Look for lateralized or asymmetrical behavior. You must look for patient behavior that is biased toward one side of space. That is, whether their eyes, limbs, or body often move toward one side but pay less attention to the other side. It is important that both the left and right sides are equally assessed before you come to the conclusion that the patient shows left-sided or right-sided spatial neglect.

The KF-NAP has been translated into Italian and Korean.

This assessment can be used during all stages of recovery from a stroke or traumatic brain injury. Even if the person has cognitive deficits or aphasia, aspects of the assessment can be observed and scored appropriately. There is a column (on the scoring sheet) for not applicable. If, for example, the person is not medically stable enough to eat by mouth, the Meals item would not be able to be scored at that time and “not applicable” would need to be used.


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Cut-Off Scores

Stroke: (Azouvi, 2003; n =83; mean age = 54.5 (14.1) years, mean time post stroke = 15.9 (15.2) weeks)

  • Score of 1-10=Mild Behavioral Neglect
  • Score of 11-20=Moderate Behavioral Neglect
  • Score of 21-30=Severe Behavioral Neglect

Normative Data

Acute stroke, right hemisphere: (Goedert, 2012; n = 51; mean age = 66.9 (15.9) years; mean time post stroke = 22.3 (10.9) days)

  • Mean (SD) Catherine Bergego Scale (CBS) score; 19.3 (6.7), range = 2-30
  • Mean (SD) CBS score for perceptual-attentional items (CBS-PA subscale) 1.7 (.08), range = 0.17-3.0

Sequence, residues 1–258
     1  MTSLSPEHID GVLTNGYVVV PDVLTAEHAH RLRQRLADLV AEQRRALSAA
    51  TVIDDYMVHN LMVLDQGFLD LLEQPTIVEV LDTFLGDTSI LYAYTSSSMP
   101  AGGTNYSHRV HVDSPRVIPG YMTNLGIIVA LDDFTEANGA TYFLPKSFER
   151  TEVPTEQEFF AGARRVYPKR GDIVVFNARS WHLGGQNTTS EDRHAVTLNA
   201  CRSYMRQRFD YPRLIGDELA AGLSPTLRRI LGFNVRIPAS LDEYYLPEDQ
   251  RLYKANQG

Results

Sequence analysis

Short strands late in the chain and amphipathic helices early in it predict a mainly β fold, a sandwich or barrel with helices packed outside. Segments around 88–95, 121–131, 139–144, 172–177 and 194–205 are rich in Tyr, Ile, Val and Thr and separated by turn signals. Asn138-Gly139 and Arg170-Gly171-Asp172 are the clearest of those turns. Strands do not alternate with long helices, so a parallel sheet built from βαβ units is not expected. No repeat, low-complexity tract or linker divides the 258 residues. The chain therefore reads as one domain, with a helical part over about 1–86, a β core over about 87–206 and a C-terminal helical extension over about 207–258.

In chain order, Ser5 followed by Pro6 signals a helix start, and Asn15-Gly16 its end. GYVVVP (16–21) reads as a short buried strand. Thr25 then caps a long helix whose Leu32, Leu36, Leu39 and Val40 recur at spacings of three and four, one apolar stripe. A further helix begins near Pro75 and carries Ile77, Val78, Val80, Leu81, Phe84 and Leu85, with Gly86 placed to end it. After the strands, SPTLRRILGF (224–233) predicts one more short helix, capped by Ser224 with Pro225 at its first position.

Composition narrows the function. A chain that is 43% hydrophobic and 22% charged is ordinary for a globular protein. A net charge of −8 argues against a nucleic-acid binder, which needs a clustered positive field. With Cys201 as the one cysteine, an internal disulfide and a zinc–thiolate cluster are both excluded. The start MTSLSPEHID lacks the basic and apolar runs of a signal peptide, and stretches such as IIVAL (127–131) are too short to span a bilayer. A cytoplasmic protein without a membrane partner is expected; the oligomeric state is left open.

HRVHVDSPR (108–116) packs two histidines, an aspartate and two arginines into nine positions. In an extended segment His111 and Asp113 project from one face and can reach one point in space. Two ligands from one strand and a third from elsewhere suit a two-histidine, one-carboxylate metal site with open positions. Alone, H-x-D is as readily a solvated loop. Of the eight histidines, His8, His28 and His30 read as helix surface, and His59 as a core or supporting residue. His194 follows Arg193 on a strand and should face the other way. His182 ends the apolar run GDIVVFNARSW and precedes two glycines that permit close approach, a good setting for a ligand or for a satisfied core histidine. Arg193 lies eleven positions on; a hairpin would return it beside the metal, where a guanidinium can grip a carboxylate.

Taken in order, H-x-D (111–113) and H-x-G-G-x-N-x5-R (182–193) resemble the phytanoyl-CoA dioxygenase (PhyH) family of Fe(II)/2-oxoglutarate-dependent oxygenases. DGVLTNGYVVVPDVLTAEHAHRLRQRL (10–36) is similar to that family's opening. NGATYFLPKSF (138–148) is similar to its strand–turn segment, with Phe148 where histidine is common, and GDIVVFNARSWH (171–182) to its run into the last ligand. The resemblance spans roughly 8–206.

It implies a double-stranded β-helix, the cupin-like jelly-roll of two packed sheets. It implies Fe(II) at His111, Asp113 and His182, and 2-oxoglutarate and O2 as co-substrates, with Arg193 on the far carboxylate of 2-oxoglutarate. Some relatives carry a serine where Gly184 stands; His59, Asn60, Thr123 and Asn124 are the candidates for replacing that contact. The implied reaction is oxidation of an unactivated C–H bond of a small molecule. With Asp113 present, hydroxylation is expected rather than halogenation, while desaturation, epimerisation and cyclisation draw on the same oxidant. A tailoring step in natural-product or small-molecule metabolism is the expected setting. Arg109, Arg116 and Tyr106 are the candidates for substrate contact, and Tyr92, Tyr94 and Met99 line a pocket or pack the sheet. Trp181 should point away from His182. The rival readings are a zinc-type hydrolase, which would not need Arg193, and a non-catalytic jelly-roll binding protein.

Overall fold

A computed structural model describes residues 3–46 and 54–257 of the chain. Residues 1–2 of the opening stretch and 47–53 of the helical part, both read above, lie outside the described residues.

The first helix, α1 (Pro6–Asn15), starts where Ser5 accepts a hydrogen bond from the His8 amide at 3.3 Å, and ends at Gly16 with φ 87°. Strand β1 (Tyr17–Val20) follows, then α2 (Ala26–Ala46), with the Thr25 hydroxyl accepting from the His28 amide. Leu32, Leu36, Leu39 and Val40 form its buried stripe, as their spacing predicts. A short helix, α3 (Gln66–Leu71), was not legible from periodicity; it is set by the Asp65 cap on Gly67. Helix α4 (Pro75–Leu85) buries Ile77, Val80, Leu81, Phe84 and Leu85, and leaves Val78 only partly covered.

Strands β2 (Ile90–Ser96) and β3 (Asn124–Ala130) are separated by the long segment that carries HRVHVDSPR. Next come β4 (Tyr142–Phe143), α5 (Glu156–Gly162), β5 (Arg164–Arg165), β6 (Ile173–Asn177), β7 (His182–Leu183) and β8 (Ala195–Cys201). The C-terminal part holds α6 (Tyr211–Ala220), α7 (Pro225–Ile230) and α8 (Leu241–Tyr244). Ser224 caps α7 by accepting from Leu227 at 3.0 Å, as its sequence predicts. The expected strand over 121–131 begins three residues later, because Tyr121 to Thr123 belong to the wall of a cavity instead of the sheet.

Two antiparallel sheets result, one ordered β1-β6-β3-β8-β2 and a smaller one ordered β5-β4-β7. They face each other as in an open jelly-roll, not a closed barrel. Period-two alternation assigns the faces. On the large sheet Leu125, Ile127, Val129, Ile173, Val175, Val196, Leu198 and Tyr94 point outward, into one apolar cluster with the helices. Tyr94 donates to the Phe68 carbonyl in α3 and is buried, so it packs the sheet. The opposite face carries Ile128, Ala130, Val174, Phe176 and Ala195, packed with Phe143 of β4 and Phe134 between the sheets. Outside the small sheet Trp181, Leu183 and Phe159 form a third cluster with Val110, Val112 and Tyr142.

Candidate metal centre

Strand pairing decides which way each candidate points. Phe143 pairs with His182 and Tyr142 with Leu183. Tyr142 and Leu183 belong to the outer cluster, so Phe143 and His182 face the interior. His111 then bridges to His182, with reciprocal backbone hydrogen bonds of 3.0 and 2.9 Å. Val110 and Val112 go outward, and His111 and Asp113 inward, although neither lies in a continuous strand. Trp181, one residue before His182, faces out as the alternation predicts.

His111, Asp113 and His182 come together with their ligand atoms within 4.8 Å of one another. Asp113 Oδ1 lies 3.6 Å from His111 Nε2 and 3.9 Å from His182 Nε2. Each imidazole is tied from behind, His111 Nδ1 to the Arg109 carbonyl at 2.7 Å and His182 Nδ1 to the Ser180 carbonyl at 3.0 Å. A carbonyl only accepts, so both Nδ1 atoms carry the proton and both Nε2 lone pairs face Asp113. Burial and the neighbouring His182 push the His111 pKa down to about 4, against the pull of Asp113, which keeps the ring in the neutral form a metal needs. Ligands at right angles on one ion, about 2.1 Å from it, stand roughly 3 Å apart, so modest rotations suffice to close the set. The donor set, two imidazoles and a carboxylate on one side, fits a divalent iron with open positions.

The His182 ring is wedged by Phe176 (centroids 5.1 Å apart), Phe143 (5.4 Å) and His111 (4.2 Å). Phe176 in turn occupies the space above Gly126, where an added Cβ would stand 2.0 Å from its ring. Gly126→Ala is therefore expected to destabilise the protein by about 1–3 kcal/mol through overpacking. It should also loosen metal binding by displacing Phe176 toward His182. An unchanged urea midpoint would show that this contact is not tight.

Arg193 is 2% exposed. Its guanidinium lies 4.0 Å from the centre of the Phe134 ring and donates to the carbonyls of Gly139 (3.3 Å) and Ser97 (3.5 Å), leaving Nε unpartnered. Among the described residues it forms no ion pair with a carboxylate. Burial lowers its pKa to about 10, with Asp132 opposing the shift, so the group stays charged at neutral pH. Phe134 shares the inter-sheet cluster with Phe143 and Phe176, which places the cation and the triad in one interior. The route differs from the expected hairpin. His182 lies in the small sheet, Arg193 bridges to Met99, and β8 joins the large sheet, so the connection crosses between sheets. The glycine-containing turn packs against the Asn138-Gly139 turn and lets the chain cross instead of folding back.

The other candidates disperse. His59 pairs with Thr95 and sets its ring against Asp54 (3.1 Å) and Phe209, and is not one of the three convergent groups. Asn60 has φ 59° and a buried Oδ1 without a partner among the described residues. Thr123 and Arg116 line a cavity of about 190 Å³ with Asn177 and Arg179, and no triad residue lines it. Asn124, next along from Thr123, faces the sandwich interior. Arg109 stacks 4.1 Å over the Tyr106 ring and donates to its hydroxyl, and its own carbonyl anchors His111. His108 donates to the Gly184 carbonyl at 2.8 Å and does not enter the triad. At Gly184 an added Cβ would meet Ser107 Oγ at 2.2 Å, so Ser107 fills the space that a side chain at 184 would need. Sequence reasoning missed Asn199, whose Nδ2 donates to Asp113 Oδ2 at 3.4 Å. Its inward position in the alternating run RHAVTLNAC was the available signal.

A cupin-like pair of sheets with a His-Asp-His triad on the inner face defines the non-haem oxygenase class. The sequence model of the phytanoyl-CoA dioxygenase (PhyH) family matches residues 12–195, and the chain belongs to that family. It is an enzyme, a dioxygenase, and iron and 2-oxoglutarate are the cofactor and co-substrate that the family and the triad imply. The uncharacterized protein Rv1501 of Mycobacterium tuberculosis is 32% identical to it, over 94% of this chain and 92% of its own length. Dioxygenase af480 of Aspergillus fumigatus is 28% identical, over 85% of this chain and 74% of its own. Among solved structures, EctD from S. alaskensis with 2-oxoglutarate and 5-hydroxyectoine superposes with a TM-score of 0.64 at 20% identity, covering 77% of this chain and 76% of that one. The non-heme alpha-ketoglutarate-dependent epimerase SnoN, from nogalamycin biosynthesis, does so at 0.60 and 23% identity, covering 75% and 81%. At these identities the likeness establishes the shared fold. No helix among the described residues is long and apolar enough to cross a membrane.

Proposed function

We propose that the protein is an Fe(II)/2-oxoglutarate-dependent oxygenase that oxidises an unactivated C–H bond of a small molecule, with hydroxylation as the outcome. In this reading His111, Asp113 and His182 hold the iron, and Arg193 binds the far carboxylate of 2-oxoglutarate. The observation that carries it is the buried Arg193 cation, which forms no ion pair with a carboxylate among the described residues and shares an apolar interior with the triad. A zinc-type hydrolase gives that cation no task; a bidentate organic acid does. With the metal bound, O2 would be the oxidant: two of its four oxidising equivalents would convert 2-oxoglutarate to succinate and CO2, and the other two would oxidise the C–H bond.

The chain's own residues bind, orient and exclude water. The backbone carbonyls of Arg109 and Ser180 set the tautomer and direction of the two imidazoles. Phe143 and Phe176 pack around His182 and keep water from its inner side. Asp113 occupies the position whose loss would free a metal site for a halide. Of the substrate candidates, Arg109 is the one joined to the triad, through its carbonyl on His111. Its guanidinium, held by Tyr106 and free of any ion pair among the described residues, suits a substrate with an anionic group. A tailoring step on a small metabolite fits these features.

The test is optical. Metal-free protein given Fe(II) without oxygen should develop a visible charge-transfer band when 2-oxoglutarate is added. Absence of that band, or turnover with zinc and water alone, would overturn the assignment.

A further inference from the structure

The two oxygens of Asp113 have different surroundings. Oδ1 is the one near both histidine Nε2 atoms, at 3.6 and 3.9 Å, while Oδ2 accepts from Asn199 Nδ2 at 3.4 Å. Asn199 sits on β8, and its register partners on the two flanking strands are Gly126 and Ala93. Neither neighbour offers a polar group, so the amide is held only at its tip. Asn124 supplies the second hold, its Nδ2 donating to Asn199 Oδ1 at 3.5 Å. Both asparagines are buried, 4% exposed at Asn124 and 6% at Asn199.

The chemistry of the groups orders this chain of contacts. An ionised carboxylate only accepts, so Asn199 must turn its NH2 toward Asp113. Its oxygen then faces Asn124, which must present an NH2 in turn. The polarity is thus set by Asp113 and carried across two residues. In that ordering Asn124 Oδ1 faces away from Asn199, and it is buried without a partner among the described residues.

• Mean (SD) CBS score for embodied motor-exploratory items (CBS-ME subscale); 2.3 (0.7), range = 0-3.0

Acute Stroke: (Marques et al, 2019; n = 22; Mean Age = 62.7(12.6); Mean CBS scores = 11.41 and 11.55 from evaluators)

Variable N Mean SD Min Max Median
Age (years) 22 62.73 12.63 23.00 85.00 64.00
Weight (kg) 22 68.26 18.75 51.60 90.00 69.50
BMI (kg/m2) 22 27.66 4.00 18.50 35.90 27.05
Education (years) 22 4.63 1.94 1.00 7.00 5.00
Time since stroke (days) 22 37.36 6.10 30.00 50.00 38.00
NIHSS admission 22 10.59 5.46 0.00 23.00 11.00
NIHSS current 22 4.77 3.10 0.00 11.00 4.50
mRS 22 1.77 1.34 0.00 4.00 1.50
Barthel index 22 61.59 33.07 15.00 100.00 60.00
BIT 22 80.23 37.50 13.00 125.00 89.00
Evaluator 1 CBS 22 11.41 9.40 0.00 30.00 10.00
Evaluator 2 CBS 22 11.55 9.16 0.00 29.00 12.00

BMI: Body mass index; NIHSS: National Institute of Health Stroke Scale; mRS: modified Rankin scale; BIT: Behavioural Inattention Test; CBS: Catherine Bergego Scale.

Interrater/Intrarater Reliability

Acute Stroke: : (Azouvi, 2003; n =83; mean age = 54.5 (14.1) years, mean time post stroke = 15.9 (15.2) weeks)

  • Adequate to excellent interrater reliability was found for each question (ICC= .59-.99)

Stroke:  (Marques et al, 2019)

  • Excellent Interrater/Intrarater Reliability: (ICC = 0.98 )

Stroke: (Azouvi, 1996)

  • Excellent Interrater/Intrarater Reliability: (ICC = 0.96)

Internal Consistency

Acute Stroke: (Azouvi, 1996)

  • Adequate correlation was found between cleaning the mouth after eating and the total score of the CBS (r=0.58)